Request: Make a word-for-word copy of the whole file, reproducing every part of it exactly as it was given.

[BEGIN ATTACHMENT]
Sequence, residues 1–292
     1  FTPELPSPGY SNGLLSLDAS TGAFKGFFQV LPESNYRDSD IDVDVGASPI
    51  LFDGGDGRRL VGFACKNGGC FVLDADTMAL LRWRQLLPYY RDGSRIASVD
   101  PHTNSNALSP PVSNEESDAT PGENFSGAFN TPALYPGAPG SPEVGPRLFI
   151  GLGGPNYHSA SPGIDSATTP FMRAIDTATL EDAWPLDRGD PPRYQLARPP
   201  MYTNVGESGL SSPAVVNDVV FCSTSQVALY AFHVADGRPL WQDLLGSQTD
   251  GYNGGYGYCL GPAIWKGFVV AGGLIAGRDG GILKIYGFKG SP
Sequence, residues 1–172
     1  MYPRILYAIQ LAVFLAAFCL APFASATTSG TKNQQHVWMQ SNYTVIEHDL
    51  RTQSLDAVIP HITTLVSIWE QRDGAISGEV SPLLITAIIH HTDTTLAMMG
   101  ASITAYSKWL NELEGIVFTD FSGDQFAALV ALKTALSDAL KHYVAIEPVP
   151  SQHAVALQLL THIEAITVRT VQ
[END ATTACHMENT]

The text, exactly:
Sequence, residues 1–292
     1  FTPELPSPGY SNGLLSLDAS TGAFKGFFQV LPESNYRDSD IDVDVGASPI
    51  LFDGGDGRRL VGFACKNGGC FVLDADTMAL LRWRQLLPYY RDGSRIASVD
   101  PHTNSNALSP PVSNEESDAT PGENFSGAFN TPALYPGAPG SPEVGPRLFI
   151  GLGGPNYHSA SPGIDSATTP FMRAIDTATL EDAWPLDRGD PPRYQLARPP
   201  MYTNVGESGL SSPAVVNDVV FCSTSQVALY AFHVADGRPL WQDLLGSQTD
   251  GYNGGYGYCL GPAIWKGFVV AGGLIAGRDG GILKIYGFKG SP
Sequence, residues 1–172
     1  MYPRILYAIQ LAVFLAAFCL APFASATTSG TKNQQHVWMQ SNYTVIEHDL
    51  RTQSLDAVIP HITTLVSIWE QRDGAISGEV SPLLITAIIH HTDTTLAMMG
   101  ASITAYSKWL NELEGIVFTD FSGDQFAALV ALKTALSDAL KHYVAIEPVP
   151  SQHAVALQLL THIEAITVRT VQ